You've worked with Alessia Cara, and then there's Demi Lovato
—working with Kelly Clarkson right now, doing some stuff with Kelly Rowland right now. I could go on and not even to name drop but since this Alessia thing, doors have just been.... I mean Chloe x Halle we're doing tomorrow. Next week is Alicia Keys. You name them, I'd have the opportunity to meet them and either work for them or with them, which has been outstanding...mind-blowing even!

So it was after working on Alessia Cara's album...
After that, things really opened up. It didn't even feel like work most of the time. Cause she's like a little sister to me. We just kind of sit around and talk like big brother, little sisters do. And every day I'd come in and ask her, "What's on your mind today?" And she would tell me and write a song about it, which is like a trademark of mine.

About Soup—what was the main inspiration behind that album?
OK. [Sighs.] So originally the album was gonna be called Will Sing for Food. And I was in New York again, and all those songs I thought about them as like.... This is such a long and drawn out concept but I'll try to make it simple. You ever look back at your senior year in high school and find a person who's like Best Looking, or Best Dressed, or Most Likely to Succeed, and then they just didn't turn out to be shit? Excuse my language. [Laughs.] That's what I thought love was—kind of like, you gave me this great story about what love was supposed to be and then 10 years later you think...ehh it's not really what I thought it was. So it was, to me, this album was like love's yearbook. Every picture, every song in it, was like a thing about love. Some of it was good, some of it not so good, so it was just like little snapshots of love. Not all romantic love, not all change the world love. It was just kind of, sometimes love looks like this, and sometimes it looks like this.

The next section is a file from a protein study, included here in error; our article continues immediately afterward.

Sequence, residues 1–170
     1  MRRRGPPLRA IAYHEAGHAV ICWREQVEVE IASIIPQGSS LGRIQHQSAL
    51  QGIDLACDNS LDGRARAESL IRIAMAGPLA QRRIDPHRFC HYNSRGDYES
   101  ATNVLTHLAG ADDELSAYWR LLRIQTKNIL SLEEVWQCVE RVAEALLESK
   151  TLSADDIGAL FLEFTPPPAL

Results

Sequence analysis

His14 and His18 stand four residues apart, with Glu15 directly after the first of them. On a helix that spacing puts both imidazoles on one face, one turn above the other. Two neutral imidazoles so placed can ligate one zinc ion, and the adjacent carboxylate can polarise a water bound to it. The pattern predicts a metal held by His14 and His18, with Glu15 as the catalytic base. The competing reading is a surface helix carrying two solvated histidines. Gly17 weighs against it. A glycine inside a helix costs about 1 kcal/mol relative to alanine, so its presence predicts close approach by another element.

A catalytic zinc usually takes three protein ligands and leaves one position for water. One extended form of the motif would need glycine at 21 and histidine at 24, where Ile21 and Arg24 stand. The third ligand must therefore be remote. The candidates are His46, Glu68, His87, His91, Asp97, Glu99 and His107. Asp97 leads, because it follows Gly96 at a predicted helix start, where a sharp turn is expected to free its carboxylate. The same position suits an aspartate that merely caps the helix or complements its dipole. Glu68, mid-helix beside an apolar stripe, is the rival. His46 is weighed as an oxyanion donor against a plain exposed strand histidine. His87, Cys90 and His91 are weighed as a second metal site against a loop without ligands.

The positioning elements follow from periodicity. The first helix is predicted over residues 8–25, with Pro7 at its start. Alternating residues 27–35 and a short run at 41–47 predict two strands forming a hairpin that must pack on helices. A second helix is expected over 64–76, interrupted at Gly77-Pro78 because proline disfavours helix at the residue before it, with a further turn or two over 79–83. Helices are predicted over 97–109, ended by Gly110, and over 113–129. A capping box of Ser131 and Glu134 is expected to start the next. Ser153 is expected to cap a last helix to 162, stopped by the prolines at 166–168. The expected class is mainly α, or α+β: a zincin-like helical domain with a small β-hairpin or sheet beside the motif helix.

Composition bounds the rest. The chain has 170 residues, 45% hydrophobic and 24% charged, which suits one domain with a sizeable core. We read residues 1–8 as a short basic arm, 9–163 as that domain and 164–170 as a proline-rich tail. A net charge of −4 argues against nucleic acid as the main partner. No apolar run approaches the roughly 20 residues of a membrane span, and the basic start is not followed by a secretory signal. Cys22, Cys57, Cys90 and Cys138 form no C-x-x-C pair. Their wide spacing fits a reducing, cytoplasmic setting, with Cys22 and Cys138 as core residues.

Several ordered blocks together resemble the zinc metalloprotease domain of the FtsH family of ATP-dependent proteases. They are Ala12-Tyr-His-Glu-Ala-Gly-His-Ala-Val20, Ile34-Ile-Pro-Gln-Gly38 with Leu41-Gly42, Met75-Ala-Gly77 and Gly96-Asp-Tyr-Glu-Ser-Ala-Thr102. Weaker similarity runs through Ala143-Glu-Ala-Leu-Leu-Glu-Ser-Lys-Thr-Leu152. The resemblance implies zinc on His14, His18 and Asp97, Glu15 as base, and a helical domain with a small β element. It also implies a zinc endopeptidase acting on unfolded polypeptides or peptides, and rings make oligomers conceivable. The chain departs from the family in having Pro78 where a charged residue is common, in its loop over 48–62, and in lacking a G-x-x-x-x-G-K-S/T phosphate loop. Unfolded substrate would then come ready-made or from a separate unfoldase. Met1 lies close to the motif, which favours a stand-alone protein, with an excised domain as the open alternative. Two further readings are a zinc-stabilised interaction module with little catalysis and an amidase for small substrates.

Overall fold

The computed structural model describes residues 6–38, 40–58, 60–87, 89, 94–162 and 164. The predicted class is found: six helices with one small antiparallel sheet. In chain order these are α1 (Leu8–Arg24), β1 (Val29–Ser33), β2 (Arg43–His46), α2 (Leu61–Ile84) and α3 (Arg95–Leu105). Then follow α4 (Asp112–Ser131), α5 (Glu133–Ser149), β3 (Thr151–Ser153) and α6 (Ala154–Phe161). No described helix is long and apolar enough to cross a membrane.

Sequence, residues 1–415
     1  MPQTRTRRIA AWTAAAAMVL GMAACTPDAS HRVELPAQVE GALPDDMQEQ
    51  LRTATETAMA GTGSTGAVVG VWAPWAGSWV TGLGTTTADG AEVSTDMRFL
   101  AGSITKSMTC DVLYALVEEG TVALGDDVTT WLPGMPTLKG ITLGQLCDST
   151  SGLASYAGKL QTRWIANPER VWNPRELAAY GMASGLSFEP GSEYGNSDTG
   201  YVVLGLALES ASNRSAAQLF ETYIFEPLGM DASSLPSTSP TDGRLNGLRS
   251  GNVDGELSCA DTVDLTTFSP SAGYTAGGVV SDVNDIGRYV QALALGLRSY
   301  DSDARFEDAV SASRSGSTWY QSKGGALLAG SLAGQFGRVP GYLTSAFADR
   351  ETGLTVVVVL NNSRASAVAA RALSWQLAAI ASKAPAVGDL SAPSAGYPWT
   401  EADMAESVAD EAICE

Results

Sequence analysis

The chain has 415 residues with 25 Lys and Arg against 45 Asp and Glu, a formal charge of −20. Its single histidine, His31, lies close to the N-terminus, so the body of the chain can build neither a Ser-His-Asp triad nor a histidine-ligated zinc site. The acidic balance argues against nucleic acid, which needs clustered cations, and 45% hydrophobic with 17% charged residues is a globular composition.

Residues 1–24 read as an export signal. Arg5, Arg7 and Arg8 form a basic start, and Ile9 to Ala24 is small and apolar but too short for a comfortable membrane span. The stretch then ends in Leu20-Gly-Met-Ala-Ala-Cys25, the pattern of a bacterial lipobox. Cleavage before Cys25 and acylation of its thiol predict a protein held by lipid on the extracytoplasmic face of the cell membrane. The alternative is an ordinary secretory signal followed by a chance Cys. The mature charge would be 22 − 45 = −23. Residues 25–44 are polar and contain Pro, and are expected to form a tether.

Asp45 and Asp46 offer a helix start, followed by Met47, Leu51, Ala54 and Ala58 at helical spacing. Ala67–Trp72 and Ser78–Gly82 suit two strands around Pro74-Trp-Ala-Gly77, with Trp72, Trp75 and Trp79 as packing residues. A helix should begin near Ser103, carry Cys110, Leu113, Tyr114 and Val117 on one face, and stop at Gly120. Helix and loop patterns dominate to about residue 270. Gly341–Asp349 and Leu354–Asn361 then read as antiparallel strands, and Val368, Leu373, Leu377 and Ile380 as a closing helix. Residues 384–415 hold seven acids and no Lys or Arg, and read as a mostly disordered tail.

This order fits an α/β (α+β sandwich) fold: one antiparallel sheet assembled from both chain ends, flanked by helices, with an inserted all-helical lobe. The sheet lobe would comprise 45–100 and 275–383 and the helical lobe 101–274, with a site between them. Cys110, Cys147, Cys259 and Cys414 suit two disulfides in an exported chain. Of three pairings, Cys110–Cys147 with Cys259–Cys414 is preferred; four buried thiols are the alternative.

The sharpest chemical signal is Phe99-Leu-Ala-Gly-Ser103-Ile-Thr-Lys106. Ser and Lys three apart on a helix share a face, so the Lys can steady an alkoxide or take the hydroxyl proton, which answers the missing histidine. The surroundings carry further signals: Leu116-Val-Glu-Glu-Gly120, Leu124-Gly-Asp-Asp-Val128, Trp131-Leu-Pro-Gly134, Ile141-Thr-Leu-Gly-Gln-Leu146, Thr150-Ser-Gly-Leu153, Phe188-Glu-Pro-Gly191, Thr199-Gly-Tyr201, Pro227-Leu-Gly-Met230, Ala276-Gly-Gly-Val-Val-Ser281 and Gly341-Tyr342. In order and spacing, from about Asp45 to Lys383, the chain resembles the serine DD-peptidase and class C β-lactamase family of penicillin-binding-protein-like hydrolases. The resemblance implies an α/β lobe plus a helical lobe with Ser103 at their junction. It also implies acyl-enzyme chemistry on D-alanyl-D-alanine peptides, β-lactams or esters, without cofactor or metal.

So it was supposed to be like this great thing—this Most Likely to Succeed person who ended up homeless. Which was kind of what I was, I was most popular in high school—I was like that guy, me and my friends. I was the music kid, but anyway, I was in the in-crowd, and then I look at myself years later and I'm like, "I live in a car!" So I'm in New York and I'm thinking about the name of the album Will Sing for Food, and I'm re-recording some of the stuff and the guys Click N Press who produced a lot of my stuff were like, "Yo, this is like Southern, and urban, and pop, and..." And I was like, "Soup!"